IN THE SUPREME COURT OF INDIA
CRIMINAL APPELLATE JURISDICTION
CRIMINAL APPEAL NO. 763 OF 2017
BRIJENDRA SINGH & ORS. …..APPELLANT(S)
STATE OF RAJASTHAN …..RESPONDENT(S)
J U D G M E N T
A.K. SIKRI, J.
The appellants herein, three in number, have been summoned by the Court of Special Judge, SC/ST Act, which is in seisin of the trial in respect of FIR No. 53 of 2000, wherein charges for offences under Sections 147, 148, 149, 323, 448, 302/149 of Indian Penal Code (IPC) as well as under Sections 3 and 3(2)(V) of the Scheduled Castes and the Scheduled Tribes (Prevention of Atrocities) Act, 1989 (SC/ST Act) have been framed. The appellants were not arraigned as accused in the chargesheet. The charges were framed against those who were accused in the chargesheet and prosecution evidence is being recorded. The appellants are summoned as additional accused persons under Section 319 of Code of Criminal Procedure, 1973 (Cr.P.C.) to face the trial along with other accused persons. The trial court has passed the Order dated 06.10.2015 on an application filed by the complainant Harkesh Meena under Section 319 of Cr.P.C. This order was challenged by the appellants before the High Court. However, the High Court has dismissed the revision petition preferred by the appellants on 11.01.2016.
Factual details pertaining to the FIR and registration of case against other persons as well as filing of the application by the complainant under Section 319 of Cr.P.C. and the orders therein are as under:
On the basis of a written complaint, FIR No. 53 of 2000 was registered at 10:30 pm on 29.04.2000 under Sections 147, 148, 149, 323, 448, 302/149 IPC as well as under Sections 3 and 3(2)(V) of SC/ST Act. In this complaint, the complainant had stated that at about 3:00 pm on 29.04.2000 when he was at his Khejra well, making his cattle drink water, certain persons including appellants who belong to his village came there armed with axe, lathi sabbal (iron rod) and knives in their hands, with intention to kill the complainant. On seeing them, the complainant ran from that place and came to his uncle’s (Nathu) house and cried loudly. His uncle was sleeping in front of the house and Lakhpat was sleeping under Neem tree. As soon as he came into the thatch, Pratap Singh inflicted lathi blow on him from behind which hit on his back. The complainant ran into the house of Bharatlal. Brijendra Singh inflicted sabbal at the head of his uncle Nathu who was sleeping at that time and Pratap hit his uncle with axe above the ear. Thereafter, all these accused persons started inflicting lathi sticks. Lakhpat tried to run in order to rescue himself. These persons gave beating to him as well, with lathi sticks. When the complainant’s elder brother went to rescue them, these accused persons gave lathi sticks blow to him as well. In the meantime, their wives, wives of their sons had also come. Rishi, son of Ramu Brahmin of Talabka and Bhanu, nephew of Jagdish Singh of Jaipur were also along with them. Because of the beating by the accused persons, complainant’s uncle Nathu died on the spot. Thereafter, accused persons fled away. The incident was witnessed by a number of villagers. In the FIR, the appellants were also named as accused persons.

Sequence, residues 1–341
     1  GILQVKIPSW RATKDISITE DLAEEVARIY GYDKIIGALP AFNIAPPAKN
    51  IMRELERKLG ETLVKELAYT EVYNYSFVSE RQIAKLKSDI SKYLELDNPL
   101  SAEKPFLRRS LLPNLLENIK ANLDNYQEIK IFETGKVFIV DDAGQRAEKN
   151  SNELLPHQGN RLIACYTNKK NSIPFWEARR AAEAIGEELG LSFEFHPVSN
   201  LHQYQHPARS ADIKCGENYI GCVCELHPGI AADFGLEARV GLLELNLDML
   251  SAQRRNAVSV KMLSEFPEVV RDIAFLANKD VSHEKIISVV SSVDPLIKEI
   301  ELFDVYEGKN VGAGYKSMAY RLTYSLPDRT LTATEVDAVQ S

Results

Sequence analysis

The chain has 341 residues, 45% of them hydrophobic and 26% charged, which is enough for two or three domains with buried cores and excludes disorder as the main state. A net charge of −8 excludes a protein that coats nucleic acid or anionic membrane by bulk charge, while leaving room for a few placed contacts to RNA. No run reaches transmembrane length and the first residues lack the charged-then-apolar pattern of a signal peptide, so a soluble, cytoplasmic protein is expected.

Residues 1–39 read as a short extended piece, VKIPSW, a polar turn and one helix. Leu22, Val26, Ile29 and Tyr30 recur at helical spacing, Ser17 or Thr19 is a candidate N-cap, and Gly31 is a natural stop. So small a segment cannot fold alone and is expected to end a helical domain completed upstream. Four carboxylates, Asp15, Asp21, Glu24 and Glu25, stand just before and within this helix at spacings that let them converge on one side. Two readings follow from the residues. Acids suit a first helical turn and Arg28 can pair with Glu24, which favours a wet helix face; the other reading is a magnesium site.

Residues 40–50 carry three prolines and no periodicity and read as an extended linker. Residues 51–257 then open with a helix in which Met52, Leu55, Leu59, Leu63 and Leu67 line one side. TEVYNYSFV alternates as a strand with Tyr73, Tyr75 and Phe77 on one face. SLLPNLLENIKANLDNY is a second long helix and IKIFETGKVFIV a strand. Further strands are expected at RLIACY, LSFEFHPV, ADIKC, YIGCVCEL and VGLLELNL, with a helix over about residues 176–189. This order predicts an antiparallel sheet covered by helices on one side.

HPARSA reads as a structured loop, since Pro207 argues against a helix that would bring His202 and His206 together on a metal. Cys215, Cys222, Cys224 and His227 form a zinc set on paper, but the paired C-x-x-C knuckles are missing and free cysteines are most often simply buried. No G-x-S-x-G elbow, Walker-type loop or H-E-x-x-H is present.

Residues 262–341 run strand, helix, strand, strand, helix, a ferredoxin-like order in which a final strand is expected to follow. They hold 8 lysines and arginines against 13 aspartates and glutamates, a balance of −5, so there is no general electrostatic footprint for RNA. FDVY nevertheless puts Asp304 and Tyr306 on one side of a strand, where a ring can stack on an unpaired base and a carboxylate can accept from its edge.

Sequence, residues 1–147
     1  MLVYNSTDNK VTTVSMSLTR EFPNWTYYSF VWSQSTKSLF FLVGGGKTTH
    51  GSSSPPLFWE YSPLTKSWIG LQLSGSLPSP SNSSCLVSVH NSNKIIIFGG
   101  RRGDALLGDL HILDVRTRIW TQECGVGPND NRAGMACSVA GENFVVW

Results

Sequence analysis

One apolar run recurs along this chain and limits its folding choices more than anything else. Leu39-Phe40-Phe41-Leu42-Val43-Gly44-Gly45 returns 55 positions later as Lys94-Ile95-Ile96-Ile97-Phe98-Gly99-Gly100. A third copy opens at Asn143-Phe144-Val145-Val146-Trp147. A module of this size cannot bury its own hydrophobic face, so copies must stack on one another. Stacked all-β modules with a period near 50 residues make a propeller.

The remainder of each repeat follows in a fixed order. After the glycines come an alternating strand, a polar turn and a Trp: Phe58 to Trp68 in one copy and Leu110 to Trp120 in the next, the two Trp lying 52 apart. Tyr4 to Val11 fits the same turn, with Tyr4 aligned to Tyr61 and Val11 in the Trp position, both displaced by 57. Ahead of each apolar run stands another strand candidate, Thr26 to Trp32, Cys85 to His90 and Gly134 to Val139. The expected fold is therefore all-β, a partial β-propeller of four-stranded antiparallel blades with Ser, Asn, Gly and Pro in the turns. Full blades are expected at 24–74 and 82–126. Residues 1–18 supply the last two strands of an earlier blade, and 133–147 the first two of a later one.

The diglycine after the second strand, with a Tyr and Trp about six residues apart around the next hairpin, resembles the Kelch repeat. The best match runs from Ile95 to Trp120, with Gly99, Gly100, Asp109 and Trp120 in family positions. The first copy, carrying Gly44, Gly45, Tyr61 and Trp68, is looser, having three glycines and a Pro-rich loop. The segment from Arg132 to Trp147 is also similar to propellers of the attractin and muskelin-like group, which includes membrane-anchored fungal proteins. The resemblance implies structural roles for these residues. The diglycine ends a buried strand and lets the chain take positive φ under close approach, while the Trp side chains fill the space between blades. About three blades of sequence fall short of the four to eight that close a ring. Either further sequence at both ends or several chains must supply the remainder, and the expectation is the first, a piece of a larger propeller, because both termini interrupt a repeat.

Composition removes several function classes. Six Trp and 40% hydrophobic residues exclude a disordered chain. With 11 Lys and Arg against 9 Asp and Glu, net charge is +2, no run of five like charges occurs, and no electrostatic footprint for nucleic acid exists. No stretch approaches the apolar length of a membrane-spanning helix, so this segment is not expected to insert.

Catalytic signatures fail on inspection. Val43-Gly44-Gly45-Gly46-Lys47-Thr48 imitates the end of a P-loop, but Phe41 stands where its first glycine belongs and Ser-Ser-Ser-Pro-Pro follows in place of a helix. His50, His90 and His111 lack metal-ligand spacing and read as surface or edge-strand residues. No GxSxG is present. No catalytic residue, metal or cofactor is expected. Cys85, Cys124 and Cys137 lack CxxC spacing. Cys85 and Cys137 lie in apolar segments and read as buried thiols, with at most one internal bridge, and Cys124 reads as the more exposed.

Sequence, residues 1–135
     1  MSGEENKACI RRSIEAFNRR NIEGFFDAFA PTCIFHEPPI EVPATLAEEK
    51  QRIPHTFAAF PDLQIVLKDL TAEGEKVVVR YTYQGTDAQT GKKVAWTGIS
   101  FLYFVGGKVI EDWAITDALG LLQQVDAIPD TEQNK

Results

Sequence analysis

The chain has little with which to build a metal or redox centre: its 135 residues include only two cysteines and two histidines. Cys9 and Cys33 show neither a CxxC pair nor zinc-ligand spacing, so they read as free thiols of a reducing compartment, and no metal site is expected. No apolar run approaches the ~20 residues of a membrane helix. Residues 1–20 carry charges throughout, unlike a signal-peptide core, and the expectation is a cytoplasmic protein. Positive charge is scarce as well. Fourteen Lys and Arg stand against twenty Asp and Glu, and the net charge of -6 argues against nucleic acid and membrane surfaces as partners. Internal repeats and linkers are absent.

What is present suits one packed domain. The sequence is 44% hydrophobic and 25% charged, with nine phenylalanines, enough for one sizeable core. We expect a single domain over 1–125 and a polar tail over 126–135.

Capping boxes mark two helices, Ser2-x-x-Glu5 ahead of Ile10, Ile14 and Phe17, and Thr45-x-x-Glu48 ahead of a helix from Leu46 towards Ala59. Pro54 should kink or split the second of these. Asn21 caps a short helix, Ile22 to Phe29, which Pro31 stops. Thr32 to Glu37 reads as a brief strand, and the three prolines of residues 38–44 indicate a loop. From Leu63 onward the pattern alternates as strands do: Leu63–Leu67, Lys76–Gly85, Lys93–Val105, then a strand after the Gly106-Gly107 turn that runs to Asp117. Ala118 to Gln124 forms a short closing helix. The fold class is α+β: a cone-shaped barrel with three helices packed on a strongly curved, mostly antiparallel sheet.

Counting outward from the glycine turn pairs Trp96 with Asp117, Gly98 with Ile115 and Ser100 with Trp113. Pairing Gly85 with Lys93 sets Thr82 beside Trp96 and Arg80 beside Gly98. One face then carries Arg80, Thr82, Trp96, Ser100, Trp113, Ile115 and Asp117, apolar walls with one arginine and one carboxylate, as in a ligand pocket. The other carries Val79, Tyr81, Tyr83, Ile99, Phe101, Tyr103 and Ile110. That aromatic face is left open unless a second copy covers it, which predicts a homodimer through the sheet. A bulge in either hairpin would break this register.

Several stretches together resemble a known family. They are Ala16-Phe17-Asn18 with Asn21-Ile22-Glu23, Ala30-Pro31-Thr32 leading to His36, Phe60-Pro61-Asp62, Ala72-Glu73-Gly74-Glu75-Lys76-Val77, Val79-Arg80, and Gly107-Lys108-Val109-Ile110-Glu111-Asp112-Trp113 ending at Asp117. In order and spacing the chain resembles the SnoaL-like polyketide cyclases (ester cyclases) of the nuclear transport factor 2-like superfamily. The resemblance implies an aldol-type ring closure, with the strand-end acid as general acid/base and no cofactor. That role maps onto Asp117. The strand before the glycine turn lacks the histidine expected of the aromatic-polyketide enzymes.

FIR was registered and the matter was investigated by the Investigating Officer (IO). During the investigation, the appellants were also interrogated. They had stated that they are residing at Jaipur and at the time of incident, they were in Jaipur. Thus, plea of alibi was taken by these persons. Appellant No.1 and 2 are in police service and at relevant time they were posted at Jaipur. Appellant No.2 Jagdish has lost his leg while on traffic police duty. Appellant No.3 Bhanu is the appellant’s sister’s son and claimed that he was also at Jaipur. The police after investigation and considering the evidence with regard to the alibi of the appellants Brijendra, Jagdish (who lost his leg while discharging traffic police duty) and Bhanu, did not find any sufficient and reliable evidence against the appellants and, therefore, did not file any challan against them and kept the investigation pending under Section 178(3)Cr.P.C. When the trial court by its Order dated 06.09.2000, without any challan being submitted by the police, directed cognizance of the matter, the appellants filed the S.B. Criminal Revision No. 505/2000 before the High Court and the High Court vide its Order dated 16.04.2009 allowed the Revision and set aside the Order dated 06.09.2000 of the trial court. The High Court, however, made it clear that the said Order dated 16.04.2009 shall be without prejudice to the powers of the Sessions Court to add any person in the array of accused under Section 319 Cr.P.C.